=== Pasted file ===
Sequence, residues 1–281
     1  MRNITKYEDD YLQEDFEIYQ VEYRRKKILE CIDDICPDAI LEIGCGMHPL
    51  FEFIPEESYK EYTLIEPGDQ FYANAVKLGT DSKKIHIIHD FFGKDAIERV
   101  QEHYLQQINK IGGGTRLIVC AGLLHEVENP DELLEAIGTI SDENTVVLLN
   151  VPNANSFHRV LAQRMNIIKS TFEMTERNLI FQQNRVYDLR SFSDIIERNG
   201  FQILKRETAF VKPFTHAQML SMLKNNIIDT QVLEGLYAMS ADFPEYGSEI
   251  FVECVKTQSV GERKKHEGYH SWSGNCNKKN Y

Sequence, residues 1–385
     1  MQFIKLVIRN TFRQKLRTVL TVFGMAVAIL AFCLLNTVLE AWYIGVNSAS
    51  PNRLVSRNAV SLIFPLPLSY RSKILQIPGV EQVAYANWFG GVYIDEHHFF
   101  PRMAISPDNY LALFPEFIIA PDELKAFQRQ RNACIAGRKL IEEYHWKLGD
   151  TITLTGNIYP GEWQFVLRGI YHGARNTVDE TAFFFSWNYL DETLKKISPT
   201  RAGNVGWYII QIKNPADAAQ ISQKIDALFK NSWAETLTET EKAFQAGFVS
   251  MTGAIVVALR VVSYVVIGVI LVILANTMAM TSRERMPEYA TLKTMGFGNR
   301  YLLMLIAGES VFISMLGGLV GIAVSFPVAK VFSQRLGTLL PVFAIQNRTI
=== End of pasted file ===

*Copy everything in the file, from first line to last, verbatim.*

Sequence, residues 1–281
     1  MRNITKYEDD YLQEDFEIYQ VEYRRKKILE CIDDICPDAI LEIGCGMHPL
    51  FEFIPEESYK EYTLIEPGDQ FYANAVKLGT DSKKIHIIHD FFGKDAIERV
   101  QEHYLQQINK IGGGTRLIVC AGLLHEVENP DELLEAIGTI SDENTVVLLN
   151  VPNANSFHRV LAQRMNIIKS TFEMTERNLI FQQNRVYDLR SFSDIIERNG
   201  FQILKRETAF VKPFTHAQML SMLKNNIIDT QVLEGLYAMS ADFPEYGSEI
   251  FVECVKTQSV GERKKHEGYH SWSGNCNKKN Y

Sequence, residues 1–385
     1  MQFIKLVIRN TFRQKLRTVL TVFGMAVAIL AFCLLNTVLE AWYIGVNSAS
    51  PNRLVSRNAV SLIFPLPLSY RSKILQIPGV EQVAYANWFG GVYIDEHHFF
   101  PRMAISPDNY LALFPEFIIA PDELKAFQRQ RNACIAGRKL IEEYHWKLGD
   151  TITLTGNIYP GEWQFVLRGI YHGARNTVDE TAFFFSWNYL DETLKKISPT
   201  RAGNVGWYII QIKNPADAAQ ISQKIDALFK NSWAETLTET EKAFQAGFVS
   251  MTGAIVVALR VVSYVVIGVI LVILANTMAM TSRERMPEYA TLKTMGFGNR
   301  YLLMLIAGES VFISMLGGLV GIAVSFPVAK VFSQRLGTLL PVFAIQNRTI